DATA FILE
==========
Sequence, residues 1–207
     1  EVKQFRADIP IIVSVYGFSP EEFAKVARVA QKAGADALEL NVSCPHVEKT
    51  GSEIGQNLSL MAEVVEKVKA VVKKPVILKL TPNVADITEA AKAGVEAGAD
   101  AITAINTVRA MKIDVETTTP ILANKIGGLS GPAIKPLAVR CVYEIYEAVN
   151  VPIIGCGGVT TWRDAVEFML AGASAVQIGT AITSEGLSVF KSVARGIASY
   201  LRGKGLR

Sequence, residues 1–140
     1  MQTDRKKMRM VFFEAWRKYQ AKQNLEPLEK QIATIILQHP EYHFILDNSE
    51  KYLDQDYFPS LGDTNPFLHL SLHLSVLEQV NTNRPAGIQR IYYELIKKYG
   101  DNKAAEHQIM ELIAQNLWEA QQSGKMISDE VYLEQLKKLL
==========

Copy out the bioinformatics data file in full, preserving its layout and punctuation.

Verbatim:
Sequence, residues 1–207
     1  EVKQFRADIP IIVSVYGFSP EEFAKVARVA QKAGADALEL NVSCPHVEKT
    51  GSEIGQNLSL MAEVVEKVKA VVKKPVILKL TPNVADITEA AKAGVEAGAD
   101  AITAINTVRA MKIDVETTTP ILANKIGGLS GPAIKPLAVR CVYEIYEAVN
   151  VPIIGCGGVT TWRDAVEFML AGASAVQIGT AITSEGLSVF KSVARGIASY
   201  LRGKGLR

Sequence, residues 1–140
     1  MQTDRKKMRM VFFEAWRKYQ AKQNLEPLEK QIATIILQHP EYHFILDNSE
    51  KYLDQDYFPS LGDTNPFLHL SLHLSVLEQV NTNRPAGIQR IYYELIKKYG
   101  DNKAAEHQIM ELIAQNLWEA QQSGKMISDE VYLEQLKKLL